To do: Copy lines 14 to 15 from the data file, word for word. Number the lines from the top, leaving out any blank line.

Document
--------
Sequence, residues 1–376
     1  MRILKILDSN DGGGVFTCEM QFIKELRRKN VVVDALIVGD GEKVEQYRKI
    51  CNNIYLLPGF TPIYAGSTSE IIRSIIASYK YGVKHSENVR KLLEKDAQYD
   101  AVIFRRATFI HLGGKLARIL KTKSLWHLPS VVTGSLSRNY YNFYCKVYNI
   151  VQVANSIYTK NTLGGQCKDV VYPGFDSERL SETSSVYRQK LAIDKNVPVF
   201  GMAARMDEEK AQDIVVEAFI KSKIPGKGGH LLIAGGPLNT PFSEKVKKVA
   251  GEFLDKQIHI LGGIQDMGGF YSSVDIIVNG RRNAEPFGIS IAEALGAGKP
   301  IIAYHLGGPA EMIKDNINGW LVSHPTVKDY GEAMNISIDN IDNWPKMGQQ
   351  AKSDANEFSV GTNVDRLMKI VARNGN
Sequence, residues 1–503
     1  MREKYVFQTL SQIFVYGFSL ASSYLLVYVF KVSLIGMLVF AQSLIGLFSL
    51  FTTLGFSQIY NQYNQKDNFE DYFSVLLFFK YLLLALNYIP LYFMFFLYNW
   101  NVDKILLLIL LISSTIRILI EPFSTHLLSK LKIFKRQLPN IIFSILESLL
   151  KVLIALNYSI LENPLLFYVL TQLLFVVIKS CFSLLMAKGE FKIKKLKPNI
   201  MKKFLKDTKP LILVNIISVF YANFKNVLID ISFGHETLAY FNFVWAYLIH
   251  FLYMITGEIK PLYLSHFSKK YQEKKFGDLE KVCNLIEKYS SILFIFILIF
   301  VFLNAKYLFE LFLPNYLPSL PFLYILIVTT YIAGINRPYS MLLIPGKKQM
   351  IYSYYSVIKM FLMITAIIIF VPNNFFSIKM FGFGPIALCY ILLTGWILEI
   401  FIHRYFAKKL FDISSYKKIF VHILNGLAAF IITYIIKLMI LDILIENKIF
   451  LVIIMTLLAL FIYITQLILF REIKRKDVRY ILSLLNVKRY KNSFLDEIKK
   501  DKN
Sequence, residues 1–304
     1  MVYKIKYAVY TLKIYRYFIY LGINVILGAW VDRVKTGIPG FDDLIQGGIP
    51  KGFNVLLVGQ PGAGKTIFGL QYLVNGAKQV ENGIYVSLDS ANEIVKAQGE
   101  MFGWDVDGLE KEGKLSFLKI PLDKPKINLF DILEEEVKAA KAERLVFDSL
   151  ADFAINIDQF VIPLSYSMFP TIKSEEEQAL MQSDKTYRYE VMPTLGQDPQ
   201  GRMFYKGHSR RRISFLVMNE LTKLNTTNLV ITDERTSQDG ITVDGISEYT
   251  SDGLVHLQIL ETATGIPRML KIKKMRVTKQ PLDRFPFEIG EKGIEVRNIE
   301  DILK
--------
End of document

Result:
   151  KVLIALNYSI LENPLLFYVL TQLLFVVIKS CFSLLMAKGE FKIKKLKPNI
   201  MKKFLKDTKP LILVNIISVF YANFKNVLID ISFGHETLAY FNFVWAYLIH